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Saint of the Day—available on the iPhone!

Saint of the Day
Catholic saints are holy people and human people who lived extraordinary lives. Each saint the Church honors responded to God's invitation to use his or her unique gifts. God calls each one of us to be a saint. Click here to receive Saint of the Day in your email.

December 10
Blessed Adolph Kolping
(1813-1865)


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The rise of the factory system in 19th-century Germany brought many single men into cities where they faced new challenges to their faith. Father Adolph Kolping began a ministry to them, hoping that they would not be lost to the Catholic faith, as was happening to workers elsewhere in industrialized Europe.

Born in the village of Kerpen, Adolph became a shoemaker at an early age because of his family’s economic situation. Ordained in 1845, he ministered to young workers in Cologne, establishing a choir, which by 1849 had grown into the Young Workmen’s Society. A branch of this began in St. Louis, Missouri, in 1856. Nine years later there were over 400 Gesellenvereine (workman’s societies) around the world. Today this group has over 450,000 members in 54 countries across the globe.

More commonly called the Kolping Society, it emphasizes the sanctification of family life and the dignity of labor. Father Kolping worked to improve conditions for workers and greatly assisted those in need. He and St. John Bosco in Turin had similar interests in working with young men in big cities. He told his followers, “The needs of the times will teach you what to do. Father Kolping once said, “The first thing that a person finds in life and the last to which he holds out his hand, and the most precious that he possesses, even if he does not realize it, is family life.”

He and Blessed John Duns Scotus are buried in Cologne’s Minoritenkirche, originally served by the Conventual Franciscans. The Kolping Society’s international headquarters are across from this church.

Kolping members journeyed to Rome from Europe, America, Africa, Asia and Oceania for Father Kolping’s beatification in 1991, the 100th anniversary of Pope Leo XIII’s revolutionary encyclical Rerum Novarum (On the Social Order). Father Kolping’s personal witness and apostolate helped prepare for that encyclical.



Comment:

Some people thought that Father Kolping was wasting his time and talents on young working men in industrialized cities. In some countries, the Catholic Church was seen by many workers as the ally of owners and the enemy of workers. Men like Adolph Kolping showed that was not true.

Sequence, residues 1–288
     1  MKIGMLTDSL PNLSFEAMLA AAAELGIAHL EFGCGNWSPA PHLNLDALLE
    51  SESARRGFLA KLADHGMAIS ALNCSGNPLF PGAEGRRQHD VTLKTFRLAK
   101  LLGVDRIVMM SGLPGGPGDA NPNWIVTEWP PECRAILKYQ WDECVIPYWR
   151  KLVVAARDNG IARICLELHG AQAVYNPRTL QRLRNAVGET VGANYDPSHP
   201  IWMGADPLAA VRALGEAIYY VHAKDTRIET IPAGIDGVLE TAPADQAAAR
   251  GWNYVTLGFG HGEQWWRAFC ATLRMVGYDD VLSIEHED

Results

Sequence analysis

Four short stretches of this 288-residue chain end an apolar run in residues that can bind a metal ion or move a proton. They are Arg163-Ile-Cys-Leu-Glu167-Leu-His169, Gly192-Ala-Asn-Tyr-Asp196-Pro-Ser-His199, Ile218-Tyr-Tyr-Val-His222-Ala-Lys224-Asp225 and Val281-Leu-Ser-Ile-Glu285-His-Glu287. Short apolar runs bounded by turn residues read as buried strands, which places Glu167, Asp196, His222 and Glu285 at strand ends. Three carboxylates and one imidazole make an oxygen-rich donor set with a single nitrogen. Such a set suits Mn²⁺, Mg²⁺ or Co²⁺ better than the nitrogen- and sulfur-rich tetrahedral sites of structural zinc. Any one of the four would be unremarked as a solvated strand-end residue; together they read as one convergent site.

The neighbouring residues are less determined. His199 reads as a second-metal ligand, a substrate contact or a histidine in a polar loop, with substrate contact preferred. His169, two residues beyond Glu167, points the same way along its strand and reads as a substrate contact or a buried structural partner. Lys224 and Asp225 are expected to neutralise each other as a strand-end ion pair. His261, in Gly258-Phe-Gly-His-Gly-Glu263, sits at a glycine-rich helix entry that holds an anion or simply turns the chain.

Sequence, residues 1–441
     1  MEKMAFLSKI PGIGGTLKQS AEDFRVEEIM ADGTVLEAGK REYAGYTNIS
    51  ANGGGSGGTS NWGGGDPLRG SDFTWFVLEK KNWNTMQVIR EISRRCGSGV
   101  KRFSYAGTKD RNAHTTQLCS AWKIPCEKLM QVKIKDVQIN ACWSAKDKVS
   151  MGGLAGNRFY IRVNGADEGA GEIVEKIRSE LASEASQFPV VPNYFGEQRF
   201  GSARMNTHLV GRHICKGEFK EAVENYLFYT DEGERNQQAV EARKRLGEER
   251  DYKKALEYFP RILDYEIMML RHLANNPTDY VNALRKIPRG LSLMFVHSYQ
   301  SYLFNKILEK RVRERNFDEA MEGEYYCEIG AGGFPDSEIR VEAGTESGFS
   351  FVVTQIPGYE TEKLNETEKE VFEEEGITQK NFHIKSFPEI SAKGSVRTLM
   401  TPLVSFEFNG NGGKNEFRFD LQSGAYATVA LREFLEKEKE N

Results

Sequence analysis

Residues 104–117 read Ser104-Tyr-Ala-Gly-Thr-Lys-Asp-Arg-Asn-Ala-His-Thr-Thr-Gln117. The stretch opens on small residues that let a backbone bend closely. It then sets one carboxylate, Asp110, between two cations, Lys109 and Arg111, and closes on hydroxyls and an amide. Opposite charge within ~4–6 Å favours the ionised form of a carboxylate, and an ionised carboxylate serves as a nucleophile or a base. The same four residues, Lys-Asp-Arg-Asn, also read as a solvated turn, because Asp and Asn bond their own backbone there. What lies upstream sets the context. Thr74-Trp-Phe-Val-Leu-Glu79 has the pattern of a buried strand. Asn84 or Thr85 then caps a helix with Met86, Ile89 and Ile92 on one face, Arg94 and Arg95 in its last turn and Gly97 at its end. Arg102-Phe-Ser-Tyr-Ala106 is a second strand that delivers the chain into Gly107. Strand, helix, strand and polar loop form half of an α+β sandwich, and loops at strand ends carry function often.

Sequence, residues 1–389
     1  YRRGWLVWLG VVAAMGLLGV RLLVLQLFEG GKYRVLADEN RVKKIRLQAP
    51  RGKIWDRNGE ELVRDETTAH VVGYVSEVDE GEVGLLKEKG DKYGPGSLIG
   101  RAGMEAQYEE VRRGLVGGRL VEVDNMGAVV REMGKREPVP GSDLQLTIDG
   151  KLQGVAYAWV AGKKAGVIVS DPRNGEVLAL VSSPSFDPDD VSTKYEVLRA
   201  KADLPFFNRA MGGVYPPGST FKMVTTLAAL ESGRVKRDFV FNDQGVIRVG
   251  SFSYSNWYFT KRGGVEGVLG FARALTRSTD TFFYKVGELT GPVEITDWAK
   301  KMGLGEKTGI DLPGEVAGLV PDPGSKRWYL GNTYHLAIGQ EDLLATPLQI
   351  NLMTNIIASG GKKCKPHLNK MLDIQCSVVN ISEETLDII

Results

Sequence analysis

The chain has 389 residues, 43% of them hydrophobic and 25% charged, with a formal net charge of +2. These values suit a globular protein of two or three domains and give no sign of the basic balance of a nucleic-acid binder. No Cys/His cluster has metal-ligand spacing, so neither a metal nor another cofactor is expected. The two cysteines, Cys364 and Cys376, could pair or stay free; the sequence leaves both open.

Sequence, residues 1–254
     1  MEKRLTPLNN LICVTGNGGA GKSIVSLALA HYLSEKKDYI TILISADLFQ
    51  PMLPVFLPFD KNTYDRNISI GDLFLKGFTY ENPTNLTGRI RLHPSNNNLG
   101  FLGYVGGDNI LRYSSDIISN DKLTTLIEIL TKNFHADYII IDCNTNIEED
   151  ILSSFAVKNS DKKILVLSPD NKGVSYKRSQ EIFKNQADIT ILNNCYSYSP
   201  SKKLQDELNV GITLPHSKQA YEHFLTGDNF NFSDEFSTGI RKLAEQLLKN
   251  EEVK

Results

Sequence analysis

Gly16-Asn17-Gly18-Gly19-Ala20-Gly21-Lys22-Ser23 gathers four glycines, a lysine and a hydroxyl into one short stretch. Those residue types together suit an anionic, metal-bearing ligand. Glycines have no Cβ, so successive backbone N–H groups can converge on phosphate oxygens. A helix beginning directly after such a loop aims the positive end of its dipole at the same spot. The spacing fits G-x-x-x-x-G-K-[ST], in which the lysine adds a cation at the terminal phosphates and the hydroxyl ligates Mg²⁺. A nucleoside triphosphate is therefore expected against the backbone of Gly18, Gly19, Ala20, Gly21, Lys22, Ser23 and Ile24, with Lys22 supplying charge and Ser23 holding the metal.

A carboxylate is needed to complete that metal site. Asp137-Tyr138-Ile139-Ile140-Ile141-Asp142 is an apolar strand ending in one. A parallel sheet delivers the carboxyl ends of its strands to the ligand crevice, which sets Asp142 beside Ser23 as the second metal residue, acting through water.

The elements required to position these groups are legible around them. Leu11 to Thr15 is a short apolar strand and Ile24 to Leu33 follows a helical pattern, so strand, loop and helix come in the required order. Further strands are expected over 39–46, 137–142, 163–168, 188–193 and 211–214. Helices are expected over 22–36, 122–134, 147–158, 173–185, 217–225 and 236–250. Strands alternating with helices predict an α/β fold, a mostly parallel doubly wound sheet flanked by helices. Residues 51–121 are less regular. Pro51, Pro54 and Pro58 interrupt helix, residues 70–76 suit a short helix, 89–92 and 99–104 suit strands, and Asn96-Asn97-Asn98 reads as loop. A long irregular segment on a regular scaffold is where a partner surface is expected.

Quote:

“Adolph Kolping gathered skilled workers and factory laborers together. Thus he overcame their isolation and defeatism. A faith society gave them the strength to go out into their everyday lives as Christ’s witnesses before God and the world. To come together, to become strengthened in the assembly, and thus to scatter again is and still remains our duty today. We are not Christians for ourselves alone, but always for others too” (Blessed John Paul II, beatification homily).


Wednesday, December 10, 2014
Saint of the Day for 12/9/2014 Saint of the Day for 12/11/2014

Saint of the Day
Lives, Lessons and Feast
By Leonard Foley, O.F.M.; revised by Pat McCloskey, O.F.M.



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Benedict Joseph Labre: Benedict Joseph Labre was truly eccentric, one of God's special little ones. Born in France and the eldest of 18 children, he studied under his uncle, a parish priest. Because of poor health and a lack of suitable academic preparation he was unsuccessful in his attempts to enter the religious life. Then, at 16 years of age, a profound change took place. Benedict lost his desire to study and gave up all thoughts of the priesthood, much to the consternation of his relatives. 
<p>He became a pilgrim, traveling from one great shrine to another, living off alms. He wore the rags of a beggar and shared his food with the poor. Filled with the love of God and neighbor, Benedict had special devotion to the Blessed Mother and to the Blessed Sacrament. In Rome, where he lived in the Colosseum for a time, he was called "the poor man of the Forty Hours Devotion" and "the beggar of Rome." The people accepted his ragged appearance better than he did. His excuse to himself was that "our comfort is not in this world." </p><p>On the last day of his life, April 16, 1783, Benedict Joseph dragged himself to a church in Rome and prayed there for two hours before he collapsed, dying peacefully in a nearby house. Immediately after his death the people proclaimed him a saint. </p><p>He was officially proclaimed a saint by Pope Leo XIII at canonization ceremonies in 1883.</p> American Catholic Blog Today offers limitless possibilities for holiness. Lean into His grace. The only thing keeping us from sainthood is ourselves.

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